Let us describe a scenario of the future that inspires our research program: A person is going to a ‘virtual’ hair dressing room. She is sitting on a chair while a number of pictures are taken from her head. Then she sees her virtual counterpart on a screen. Remarkably, the virtual counterpart is given with the hair captured from her, which takes physically plausible movement at an interactive rate. Now she selects other hairstyles from a 3D hair catalogue one after the other, which are automatically applied to her virtual counterpart. After she decides how she likes to have her virtual counterpart, she interactively adds further modifications. In a further more advanced scenario, she is able to view her real self on the screen, augmented with virtual hairstyles that are seamlessly integrated with herself, and react interactively to her movements as if they were her real hair.
Our aim is to develop fundamental research that constitutes the realization of such ‘virtual hair-dressing room’ scenario. Although recent years have witnessed increased interest in hair modeling and simulation in the computer graphics community, the difficulties in simulation of hair, arising from the huge number of hair and its geometric intricacies, remains a challenge. The task demands even more effort when it is required to perform at an interactive rate, which means applying the style modifications on the model and computing its natural-looking movement and optical effects for the relative motion between hair and the light in real time. In the perspective of the scenario above, we propose the development of a new hair modeling and simulation technology that will lead a stride towards a previously impossible task. The framework is articulated into four separable problems. First, we discuss the hair modeling from images, which allows for rapid, automatic 3D reconstruction of the subject’s face and hair models. It distinguishes itself from existing hair model acquisition methods in that it aims at a unique, timely generation of hair model without having to rely on the user’s expertise and patience. Real-time simulation is one key technique that requires considerable development. Despite our years of expertise in physics-based simulation that can now be considered mature, the goal of real-time and interactivity sets very high constraints on the efficiency of the simulation system. The complex interaction of light and shadow among the hairs, and the small scale of thickness of one hair compared to the rendered image make the task of real-time hair rendering in MR (mixed realities) difficult but are essential for realism. Finally, real-time hair styling technique is essential to achieve hair with various styles almost instantly, which is a previously impossible task.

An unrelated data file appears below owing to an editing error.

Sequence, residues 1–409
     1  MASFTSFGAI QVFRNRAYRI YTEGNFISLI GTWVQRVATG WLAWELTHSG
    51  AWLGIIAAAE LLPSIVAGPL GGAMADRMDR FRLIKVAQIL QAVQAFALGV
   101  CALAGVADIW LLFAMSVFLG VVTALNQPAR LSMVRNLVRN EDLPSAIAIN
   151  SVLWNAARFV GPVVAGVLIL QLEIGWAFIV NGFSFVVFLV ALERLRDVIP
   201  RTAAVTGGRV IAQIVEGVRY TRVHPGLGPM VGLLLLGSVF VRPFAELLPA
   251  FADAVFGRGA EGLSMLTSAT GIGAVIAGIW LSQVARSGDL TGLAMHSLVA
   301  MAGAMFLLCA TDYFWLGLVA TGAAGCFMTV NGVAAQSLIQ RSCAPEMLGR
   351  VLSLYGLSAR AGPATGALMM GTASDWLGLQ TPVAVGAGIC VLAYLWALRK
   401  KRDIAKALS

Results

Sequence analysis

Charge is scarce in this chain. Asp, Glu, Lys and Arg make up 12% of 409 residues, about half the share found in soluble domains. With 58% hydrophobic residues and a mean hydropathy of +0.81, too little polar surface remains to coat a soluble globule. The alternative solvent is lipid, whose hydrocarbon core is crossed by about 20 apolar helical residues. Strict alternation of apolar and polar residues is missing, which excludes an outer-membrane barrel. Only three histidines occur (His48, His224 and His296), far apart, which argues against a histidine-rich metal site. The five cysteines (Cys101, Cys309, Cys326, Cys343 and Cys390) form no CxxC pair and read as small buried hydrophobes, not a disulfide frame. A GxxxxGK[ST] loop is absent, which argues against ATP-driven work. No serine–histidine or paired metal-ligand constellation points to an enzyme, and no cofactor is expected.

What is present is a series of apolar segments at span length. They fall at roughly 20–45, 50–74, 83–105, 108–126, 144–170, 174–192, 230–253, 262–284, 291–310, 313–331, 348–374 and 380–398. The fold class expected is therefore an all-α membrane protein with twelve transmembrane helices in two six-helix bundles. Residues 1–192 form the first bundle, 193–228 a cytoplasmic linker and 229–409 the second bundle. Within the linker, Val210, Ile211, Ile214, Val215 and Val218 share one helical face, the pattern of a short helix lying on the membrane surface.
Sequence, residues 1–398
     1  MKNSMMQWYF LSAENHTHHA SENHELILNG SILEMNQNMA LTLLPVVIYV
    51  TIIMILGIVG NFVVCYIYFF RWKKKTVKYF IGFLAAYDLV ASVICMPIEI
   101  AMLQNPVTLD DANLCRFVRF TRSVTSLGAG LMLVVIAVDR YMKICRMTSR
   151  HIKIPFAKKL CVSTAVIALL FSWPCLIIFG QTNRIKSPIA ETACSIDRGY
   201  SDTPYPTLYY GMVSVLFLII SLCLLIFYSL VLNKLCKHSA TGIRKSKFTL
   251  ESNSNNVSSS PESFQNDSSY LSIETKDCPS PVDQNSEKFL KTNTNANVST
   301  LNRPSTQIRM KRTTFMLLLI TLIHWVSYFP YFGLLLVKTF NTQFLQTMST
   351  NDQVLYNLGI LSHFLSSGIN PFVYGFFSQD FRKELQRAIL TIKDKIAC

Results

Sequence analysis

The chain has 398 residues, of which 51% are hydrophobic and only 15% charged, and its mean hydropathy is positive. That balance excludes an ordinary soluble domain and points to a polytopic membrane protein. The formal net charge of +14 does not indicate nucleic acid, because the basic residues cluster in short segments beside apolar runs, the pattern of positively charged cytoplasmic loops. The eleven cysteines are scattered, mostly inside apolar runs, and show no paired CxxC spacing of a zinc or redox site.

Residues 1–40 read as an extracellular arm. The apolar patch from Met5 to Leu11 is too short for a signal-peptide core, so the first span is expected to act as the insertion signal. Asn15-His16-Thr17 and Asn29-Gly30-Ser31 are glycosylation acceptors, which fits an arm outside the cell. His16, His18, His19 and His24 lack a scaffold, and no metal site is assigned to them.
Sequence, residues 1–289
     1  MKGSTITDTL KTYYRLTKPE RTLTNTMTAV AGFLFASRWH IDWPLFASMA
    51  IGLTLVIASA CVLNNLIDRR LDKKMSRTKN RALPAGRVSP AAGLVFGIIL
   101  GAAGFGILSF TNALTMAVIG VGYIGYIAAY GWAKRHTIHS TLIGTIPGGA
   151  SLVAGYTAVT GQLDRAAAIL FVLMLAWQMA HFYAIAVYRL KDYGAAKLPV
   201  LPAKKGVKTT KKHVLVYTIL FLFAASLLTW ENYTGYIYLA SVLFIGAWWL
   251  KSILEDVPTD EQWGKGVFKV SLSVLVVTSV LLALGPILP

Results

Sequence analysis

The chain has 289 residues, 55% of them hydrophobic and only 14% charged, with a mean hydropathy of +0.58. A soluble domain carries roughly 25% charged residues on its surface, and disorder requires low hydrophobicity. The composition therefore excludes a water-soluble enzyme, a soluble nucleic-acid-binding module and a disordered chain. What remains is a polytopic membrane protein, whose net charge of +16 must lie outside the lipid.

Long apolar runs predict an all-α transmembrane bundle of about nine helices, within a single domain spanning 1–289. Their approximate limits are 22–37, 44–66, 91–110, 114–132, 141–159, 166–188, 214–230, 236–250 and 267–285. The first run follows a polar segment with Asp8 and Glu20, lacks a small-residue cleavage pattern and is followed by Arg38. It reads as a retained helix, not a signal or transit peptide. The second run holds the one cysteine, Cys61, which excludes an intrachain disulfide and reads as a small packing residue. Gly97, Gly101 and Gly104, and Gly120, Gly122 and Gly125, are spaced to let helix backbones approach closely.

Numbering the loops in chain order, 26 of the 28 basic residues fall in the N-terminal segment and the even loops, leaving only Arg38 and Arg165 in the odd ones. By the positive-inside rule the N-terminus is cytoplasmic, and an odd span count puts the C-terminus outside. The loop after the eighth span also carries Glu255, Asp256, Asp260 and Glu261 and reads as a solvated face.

MIRALab, University of Geneva